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Stacy Conradt

Grave Sightings: Walter Cronkite

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Stacy Conradt

Beloved news anchor Walter Cronkite tearfully reported the news of John F. Kennedy’s assassination in 1963. A decade later, he took a call delivering the news of Lyndon B. Johnson’s death live on-air. He told the world about Martin Luther King Jr’s assassination in 1968. And when the most trusted man in America himself died on July 17, 2009, at the age of 92, it was reported by news outlets around the globe.

Color photo of anchorman Walter Cronkite in his later years, wearing a pinstriped suit, a blue-and-white-striped dress shirt, and a navy tie with a red pattern on it.

Although Cronkite made a career and a reputation out of breaking and reporting news on a nightly basis for nearly two decades, his own illness was kept under wraps. His family announced that he was suffering from cerebrovascular disease just a few weeks before his death.

The funeral at St. Bartholomew Church in Manhattan was a star-studded affair filled with former coworkers and competitors such as Diane Sawyer, Dan Rather, and Barbara Walters. After a number of poignant speeches by friends, family, and colleagues, the funeral concluded with a raucous rendition of “When the Saints Go Marching In,” which friends said would have pleased Cronkite, an amateur clarinetist.

A shot of Walter Cronkite's pink marble gravestone, set flat into the ground and surrounded by grass.

If you want to pay your respects to Uncle Walter, however, you won’t find him in New York. Despite his longtime residency in Manhattan, Cronkite was buried in Kansas City, Missouri, where he spent some time early in his career as a broadcaster at KCMO radio station, reading news and summarizing football games under the name Walter Wilcox. But it wasn’t cherished memories of the job that brought him back to the Show Me State for all eternity—it was his wife. While Cronkite was working at KCMO, a writer named Betsy Maxwell caught his eye. They got married in 1940. Betsy died from cancer complications in 2005 and was buried in her family plot at Mount Moriah Cemetery in Kansas City, Missouri. Cronkite joined her four years later.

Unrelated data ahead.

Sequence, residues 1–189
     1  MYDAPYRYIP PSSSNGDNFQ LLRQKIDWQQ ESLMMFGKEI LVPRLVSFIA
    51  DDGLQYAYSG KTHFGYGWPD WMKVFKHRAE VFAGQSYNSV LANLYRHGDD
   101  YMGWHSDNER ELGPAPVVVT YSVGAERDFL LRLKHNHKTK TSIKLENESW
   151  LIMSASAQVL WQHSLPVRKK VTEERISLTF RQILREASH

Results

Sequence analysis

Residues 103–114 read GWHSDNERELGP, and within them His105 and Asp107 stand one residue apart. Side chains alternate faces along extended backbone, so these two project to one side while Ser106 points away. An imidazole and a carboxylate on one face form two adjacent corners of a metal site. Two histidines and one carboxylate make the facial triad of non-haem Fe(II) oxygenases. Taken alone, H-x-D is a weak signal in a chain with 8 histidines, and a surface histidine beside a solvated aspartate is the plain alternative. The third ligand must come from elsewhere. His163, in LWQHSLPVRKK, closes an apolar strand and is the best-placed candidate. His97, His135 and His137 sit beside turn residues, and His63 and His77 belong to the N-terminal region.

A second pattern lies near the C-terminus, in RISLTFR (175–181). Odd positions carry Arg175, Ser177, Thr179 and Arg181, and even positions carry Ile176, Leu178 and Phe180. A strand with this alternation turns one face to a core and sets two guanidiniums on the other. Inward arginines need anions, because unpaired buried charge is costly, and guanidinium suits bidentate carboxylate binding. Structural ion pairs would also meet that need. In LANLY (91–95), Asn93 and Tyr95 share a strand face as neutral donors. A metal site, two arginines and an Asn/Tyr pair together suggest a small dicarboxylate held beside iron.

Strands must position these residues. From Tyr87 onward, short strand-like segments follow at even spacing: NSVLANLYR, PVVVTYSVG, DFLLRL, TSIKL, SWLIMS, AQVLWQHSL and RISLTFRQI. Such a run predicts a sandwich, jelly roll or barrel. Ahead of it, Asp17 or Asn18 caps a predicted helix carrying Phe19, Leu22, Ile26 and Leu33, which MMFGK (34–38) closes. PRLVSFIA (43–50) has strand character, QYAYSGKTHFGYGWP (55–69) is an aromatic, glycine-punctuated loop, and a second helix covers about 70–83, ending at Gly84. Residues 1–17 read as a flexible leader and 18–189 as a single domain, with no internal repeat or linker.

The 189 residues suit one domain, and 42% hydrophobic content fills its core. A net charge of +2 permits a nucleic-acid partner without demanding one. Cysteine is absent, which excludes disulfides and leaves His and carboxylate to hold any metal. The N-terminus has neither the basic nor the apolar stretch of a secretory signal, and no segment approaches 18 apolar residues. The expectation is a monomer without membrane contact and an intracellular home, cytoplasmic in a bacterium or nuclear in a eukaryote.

Close-up image of the gravestone of news anchor Walter Cronkite and his wife, Mary. The small stone is pink marble and set into the ground.

For such a legend, the stone is simple and unassuming, not entirely unlike the man himself. Though he "loved being Walter Cronkite, being around all those celebrities," journalist David Halberstam once said that Cronkite could never seem to believe that he had entered the realm of celebrity himself. Part of Cronkite never left his hometown of St. Joseph, Missouri, Halberstam said—which makes it only fitting that he returned to the area for his final sign-off.

Peruse all the entries in our Grave Sightings series here.

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Thanks to a Wet Winter, New Zealand Faces a Potential Potato Chip Shortage
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New Zealand has plenty of unique and tasty snacks, but kiwis also love potato chips. The universal comfort food is in danger Down Under, however, as an unusually wet winter has devastated the island country’s tuber crops, according to BBC News.